Academic journal article Journal of International Business Research

Self-Regulative Changes in Psychological Contracts over Time: A Case of Japanese Pharmaceutical Company

Academic journal article Journal of International Business Research

Self-Regulative Changes in Psychological Contracts over Time: A Case of Japanese Pharmaceutical Company

Article excerpt

INTRODUCTION

In Japanese companies, it is generally accepted that an employee makes a career-long commitment to his employer upon entrance to a company, and it is expected that the employer will not discharge the employee (Abegglen, 1958). Abegglen (1958) called this mutual expectation "lifetime commitment." In Japan, important mutual expectations such as "lifetime commitment (p. 11)" are preserved without written/regal contracts.

Although such mutual expectations have historically been safeguarded at a cost to each party, there are discrepancies in the mutual expectations of today's Japanese companies. For example, in a large-scale survey of Japanese companies (Japan Institute for Labor Policy & Training, 2008), it was found that there are several discrepancies between employees' expectations toward their employer and the employer's beliefs about those expectations. For example, many employees expect "high pay" (67.3%), "support from my boss" (47.4%), and "adequate allocation" (42.3%) from their employer. However, they did not think that their employer fulfills all of these expectations. In the surveyed sample, relatively few employees responded that their employer provided the following items: "high pay" (5.0%), "support from my boss" (17.6%), and "adequate allocation" (12.2%).

What do employees do in this situation? Some previous studies regard employees not only as passive one affected by their environment but as active agents that take self-regulative reaction (Bandura, 1989). This means that employees are motivated to take action to decrease the gap between their expectations and the current state of affairs when they recognize inconsistencies. Recently, many organizational behavior studies have focused on these actions; they are called self-regulation studies (Adams, 1965; Brief & Hollenbeck, 1985; Frayne, 1991; Frayne & Geringer, 2000; Latham & Budworth, 2006; Lyons, 2008). However, there have been few self-regulation studies of the cognitive gaps in employment relationship.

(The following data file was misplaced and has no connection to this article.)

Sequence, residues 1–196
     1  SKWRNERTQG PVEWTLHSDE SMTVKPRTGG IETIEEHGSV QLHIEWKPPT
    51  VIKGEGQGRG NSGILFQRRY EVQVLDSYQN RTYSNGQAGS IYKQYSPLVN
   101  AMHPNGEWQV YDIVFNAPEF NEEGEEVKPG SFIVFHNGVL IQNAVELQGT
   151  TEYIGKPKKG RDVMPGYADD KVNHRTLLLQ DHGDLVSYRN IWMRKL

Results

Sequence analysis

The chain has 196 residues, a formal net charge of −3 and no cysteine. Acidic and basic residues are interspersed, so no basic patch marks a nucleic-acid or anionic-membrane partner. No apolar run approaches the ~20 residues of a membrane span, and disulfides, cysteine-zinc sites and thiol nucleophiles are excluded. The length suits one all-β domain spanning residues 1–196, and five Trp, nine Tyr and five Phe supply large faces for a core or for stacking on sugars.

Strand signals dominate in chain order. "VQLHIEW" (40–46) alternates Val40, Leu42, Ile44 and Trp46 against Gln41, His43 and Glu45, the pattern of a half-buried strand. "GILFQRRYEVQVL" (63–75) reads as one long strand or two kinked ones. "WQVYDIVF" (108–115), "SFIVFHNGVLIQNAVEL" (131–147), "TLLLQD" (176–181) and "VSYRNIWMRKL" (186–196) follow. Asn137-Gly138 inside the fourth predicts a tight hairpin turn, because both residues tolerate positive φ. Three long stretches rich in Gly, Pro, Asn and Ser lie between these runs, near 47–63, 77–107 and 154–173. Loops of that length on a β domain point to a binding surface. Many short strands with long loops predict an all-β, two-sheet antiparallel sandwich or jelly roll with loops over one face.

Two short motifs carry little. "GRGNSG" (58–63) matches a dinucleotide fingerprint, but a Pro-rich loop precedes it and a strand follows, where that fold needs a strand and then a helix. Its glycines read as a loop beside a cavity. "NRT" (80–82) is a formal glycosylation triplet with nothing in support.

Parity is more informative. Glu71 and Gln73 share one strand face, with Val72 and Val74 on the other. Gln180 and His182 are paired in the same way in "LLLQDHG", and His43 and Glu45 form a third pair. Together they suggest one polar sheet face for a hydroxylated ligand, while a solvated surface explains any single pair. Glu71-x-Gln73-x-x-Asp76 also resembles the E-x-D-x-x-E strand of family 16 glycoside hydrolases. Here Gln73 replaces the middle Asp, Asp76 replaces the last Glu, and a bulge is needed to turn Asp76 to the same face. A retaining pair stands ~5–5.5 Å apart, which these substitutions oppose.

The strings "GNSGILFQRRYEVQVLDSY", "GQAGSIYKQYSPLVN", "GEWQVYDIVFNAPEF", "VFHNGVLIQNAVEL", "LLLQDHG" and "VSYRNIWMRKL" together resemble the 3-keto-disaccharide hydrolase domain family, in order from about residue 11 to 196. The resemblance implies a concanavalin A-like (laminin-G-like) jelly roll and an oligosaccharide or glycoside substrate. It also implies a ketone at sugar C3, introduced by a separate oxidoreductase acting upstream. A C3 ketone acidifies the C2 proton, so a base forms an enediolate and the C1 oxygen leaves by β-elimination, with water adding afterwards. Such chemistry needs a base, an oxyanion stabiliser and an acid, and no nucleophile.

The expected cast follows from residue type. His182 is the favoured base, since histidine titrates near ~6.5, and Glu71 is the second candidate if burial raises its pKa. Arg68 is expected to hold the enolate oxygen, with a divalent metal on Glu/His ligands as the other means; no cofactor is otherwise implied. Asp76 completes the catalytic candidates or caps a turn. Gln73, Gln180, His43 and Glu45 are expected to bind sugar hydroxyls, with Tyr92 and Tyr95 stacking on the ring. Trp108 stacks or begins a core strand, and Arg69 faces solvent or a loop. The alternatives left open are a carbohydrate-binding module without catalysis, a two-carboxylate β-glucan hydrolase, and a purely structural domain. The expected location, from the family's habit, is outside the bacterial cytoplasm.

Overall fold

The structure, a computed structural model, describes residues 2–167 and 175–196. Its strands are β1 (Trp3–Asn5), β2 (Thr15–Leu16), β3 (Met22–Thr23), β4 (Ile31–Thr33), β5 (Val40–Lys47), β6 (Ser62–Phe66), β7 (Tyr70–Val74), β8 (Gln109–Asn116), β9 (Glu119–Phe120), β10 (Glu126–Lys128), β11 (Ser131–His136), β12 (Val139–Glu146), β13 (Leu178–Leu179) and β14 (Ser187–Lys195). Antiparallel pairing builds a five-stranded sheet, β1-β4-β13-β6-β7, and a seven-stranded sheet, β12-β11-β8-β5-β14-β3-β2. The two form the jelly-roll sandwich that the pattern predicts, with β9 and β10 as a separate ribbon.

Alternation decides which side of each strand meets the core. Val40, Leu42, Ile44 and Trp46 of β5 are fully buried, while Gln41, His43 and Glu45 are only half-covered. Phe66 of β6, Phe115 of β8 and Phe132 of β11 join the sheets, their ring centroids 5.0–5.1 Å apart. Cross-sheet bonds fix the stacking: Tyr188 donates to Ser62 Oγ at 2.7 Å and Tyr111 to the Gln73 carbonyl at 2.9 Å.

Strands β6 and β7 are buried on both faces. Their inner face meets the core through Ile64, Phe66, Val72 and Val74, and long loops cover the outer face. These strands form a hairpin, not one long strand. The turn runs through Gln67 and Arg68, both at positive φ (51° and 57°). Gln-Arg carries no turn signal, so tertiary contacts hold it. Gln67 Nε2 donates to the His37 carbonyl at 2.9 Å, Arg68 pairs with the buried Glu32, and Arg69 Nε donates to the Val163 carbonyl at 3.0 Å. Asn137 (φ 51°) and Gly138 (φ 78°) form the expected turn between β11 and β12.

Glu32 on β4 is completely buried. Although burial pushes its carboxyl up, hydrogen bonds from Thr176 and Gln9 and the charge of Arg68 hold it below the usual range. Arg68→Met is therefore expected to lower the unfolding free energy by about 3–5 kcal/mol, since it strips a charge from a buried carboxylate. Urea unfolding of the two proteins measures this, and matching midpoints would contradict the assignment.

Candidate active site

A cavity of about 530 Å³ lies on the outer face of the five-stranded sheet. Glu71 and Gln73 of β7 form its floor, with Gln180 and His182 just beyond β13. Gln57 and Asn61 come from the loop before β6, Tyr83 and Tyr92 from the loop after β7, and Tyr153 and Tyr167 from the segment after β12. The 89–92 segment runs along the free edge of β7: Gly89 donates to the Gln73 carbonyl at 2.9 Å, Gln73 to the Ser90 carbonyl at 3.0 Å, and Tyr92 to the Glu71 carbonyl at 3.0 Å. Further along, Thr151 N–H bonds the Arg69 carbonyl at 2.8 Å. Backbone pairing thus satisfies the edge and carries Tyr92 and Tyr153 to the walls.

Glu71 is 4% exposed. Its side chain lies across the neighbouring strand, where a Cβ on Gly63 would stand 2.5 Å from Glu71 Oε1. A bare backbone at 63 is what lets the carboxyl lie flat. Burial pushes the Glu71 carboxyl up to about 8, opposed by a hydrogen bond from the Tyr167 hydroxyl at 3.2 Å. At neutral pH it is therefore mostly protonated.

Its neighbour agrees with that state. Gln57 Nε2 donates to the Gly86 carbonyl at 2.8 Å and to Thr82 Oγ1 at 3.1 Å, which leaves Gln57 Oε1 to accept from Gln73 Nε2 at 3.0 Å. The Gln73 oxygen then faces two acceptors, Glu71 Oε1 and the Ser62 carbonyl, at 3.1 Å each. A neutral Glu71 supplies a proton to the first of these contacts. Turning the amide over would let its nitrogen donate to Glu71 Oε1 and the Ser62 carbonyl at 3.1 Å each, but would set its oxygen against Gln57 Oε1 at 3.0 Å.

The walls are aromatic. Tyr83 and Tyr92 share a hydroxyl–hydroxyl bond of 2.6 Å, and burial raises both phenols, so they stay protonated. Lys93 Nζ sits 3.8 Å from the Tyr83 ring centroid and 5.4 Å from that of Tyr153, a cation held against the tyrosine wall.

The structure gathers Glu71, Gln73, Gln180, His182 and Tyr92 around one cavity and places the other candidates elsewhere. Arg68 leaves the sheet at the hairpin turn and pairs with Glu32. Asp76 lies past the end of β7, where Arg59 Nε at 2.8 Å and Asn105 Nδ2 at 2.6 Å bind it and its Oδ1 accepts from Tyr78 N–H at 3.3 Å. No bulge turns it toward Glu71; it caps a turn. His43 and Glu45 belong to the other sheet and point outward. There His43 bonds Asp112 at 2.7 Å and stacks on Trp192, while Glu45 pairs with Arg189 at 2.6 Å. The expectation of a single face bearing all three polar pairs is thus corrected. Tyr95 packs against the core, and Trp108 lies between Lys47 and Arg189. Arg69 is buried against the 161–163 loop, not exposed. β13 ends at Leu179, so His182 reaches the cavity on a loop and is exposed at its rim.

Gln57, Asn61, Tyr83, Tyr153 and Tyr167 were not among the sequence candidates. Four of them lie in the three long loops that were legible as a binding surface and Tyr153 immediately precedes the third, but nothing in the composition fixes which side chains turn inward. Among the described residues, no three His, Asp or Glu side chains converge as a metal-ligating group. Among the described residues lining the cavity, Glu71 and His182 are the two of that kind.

In this paper, we examine employees' responses toward the differences in mutual expectations from the perspective of psychological contracts. In particular, we will investigate employees' self-regulative actions concerning gaps between the level of employers' fulfillment and employee's expectation.

REVIEW OF EXISTING RESEARCHES

Psychological Contract Defined

Rousseau defined psychological contracts as "an individual belief regarding the terms and conditions of a reciprocal exchange agreement between the focal person and another party" (1989, p. 123). Rousseau did not view psychological contracts as involving the perspectives of two interconnected parties. Instead, she conceived of them as an individual-level, subjective phenomenon. In other words, agreement in psychological contracts "exists in the eye of the beholder" (p. 123). This holds true irrespective of whether or not the contract is legal/written or unwritten. All types of promises are deemed psychological contracts. In other words, a psychological contract can be an employee's feeling of expectation to make particular contributions in exchange for particular benefits (Schalk & Roe, 2007). As Rousseau (1995) said, once a psychological contract is established at a certain point in time, there seems to be a mental model that provides cues to employees with regard to the types of events they can expect and how they should interpret them.

In previous studies, the components of psychological contracts are often classified into theoretically and statistically meaningful typologies. Although several typologies have been suggested, distinction between transactional and relational contract has dominated the research (Conway & Briner, 2005). Transactional contracts involve highly specific exchanges that are narrow in scope and take place over a finite period. Relational contracts, in contrast, are broader, more ambiguous, and open-ended, and they occur over a long term. …

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